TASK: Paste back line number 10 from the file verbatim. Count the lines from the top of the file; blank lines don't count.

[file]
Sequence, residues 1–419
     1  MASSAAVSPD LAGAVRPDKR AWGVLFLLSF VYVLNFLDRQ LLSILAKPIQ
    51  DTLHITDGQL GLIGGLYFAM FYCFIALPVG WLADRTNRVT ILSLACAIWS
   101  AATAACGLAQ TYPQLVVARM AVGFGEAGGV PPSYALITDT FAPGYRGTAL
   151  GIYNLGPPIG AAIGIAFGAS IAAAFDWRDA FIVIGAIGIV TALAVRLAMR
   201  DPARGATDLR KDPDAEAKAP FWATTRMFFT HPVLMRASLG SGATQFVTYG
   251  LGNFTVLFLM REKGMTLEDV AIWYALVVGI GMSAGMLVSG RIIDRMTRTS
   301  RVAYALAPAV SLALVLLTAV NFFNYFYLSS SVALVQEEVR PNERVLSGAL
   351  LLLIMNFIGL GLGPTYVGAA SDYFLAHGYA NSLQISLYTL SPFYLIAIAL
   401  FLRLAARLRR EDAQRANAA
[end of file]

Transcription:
   401  FLRLAARLRR EDAQRANAA